Charitable remainder trusts can increase your income, avoid capital gains taxes, lower or eliminate estate taxes, serve as another type of retirement plan, serve humanity and put a warm feeling in your heart. Here is an example that applies to anyone contemplating selling a highly appreciated asset.
In the Path of Progress
Clarence and Mildred had a farm that has been in the family since 1930. They raised corn and had a few cattle. However, the farm has been inactive since Clarence died 10 years ago.
The farm used to be out in the country. Over the years, the neighboring city has expanded to the point that its boundaries have almost reached the farm.
A real estate development firm with an offer she finds difficult to believe has recently contacted Mildred. They want to build a giant shopping mall on her property. Moreover, they are willing to pay 14 million dollars for her 80 acres.
As much as Mildred is tied to her home of 40 years and the lifestyle, this is an easy decision. The farm was originally homesteaded and has no basis. How can she minimize the capital gain tax?
The procedure would call for her to gift the farm to a charitable remainder trust. The trust would then sell the property to the real estate developer. She should employ an estate planning attorney to assure that the gift to the trust and the subsequent sale to the real estate developer are not construed as a pre-arranged series of transactions.
Using a charitable remainder trust gives Mildred the following benefits:
1. She does more than minimize the capital gain tax; she avoids it altogether. If the capital gain rate is 15%, this saves $2,100,000 in capital gains taxes. Mary is frugal. She has saved every button that has ever come off a shirt, blouse or shirt. She is also leery. She figures she can put that $2,100,000 to better use than the people in Washington D.C.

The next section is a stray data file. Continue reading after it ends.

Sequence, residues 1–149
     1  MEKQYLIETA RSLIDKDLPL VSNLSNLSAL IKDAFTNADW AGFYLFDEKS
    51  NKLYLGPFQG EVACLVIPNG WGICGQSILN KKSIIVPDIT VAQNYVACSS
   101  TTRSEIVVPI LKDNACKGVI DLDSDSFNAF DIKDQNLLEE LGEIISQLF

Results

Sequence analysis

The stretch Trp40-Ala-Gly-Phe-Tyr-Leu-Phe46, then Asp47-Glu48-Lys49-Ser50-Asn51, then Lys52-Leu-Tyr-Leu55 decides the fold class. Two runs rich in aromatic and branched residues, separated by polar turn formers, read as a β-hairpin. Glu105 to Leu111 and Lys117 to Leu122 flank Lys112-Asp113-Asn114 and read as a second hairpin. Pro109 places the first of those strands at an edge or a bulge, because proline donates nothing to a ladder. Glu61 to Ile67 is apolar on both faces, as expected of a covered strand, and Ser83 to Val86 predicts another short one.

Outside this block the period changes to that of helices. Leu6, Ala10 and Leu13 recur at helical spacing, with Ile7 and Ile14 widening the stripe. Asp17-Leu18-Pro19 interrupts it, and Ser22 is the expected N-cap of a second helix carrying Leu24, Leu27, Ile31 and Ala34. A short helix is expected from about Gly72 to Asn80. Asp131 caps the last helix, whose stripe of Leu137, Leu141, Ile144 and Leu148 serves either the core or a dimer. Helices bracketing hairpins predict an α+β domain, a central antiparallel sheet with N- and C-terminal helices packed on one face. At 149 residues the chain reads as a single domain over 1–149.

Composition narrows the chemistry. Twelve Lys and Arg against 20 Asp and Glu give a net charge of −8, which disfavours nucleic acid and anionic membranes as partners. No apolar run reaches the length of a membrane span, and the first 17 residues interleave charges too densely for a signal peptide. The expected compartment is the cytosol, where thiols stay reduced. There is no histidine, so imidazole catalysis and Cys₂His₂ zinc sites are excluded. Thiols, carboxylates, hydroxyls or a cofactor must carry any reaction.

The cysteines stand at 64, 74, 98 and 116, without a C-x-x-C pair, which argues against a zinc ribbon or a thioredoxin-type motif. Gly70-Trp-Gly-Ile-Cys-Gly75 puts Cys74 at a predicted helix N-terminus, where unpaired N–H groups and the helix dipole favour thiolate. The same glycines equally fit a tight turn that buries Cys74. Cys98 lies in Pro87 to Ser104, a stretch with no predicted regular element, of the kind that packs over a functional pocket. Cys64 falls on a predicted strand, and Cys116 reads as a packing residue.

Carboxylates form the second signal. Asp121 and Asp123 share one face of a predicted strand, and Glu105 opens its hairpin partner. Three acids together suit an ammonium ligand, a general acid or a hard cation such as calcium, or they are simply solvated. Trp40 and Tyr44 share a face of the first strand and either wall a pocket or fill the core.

2. A charitable remainder trust mandates an annual payout of at least 5%. That’s $700,000 a year. She is set for life and can take all the grandchildren to Disneyland every year.
3. She will get a huge tax deduction based on her charitable contribution to the trust. It will be so big that the IRS will let her carry the unused portion forward for a total of six years. It’s a good bet she will pay no income tax for the next six years.
4. She can name any number of charities to receive the 14 million in the trust when she dies. Ultimately, she could have a new church building, a wing on the hospital or scholarships named after her and Clarence for her generosity. The number of people who would benefit in the future is too many to count.
5. If she is concerned about disinheriting her heirs, she can use some of the income to buy a life insurance policy and name her children and grandchildren beneficiaries. She could also gift up to (currently) $12,000 per year to as many people as she wants without any gift tax implications.
6. No estate tax will be due at her death.
7. The 14 million will be professionally managed inside the charitable remainder trust. She has no investment worries and can set the trust up so she has a guaranteed income. Downturns in the economy, weather catastrophes or world events will have no effect on her income.
It’s true that Mildred could simply sell the farm and pay the capital gains tax. Aside from the capital gains tax, coming into this large sum of money could create more problems.
She would have to invest it while fending off suggestions from well-meaning relatives. She would have some estate planning to do to avoid half of her estate going to the government in taxes when she dies.
When you put the charitable remainder trust on the table as an option, most of these problems vanish and many additional benefits appear.
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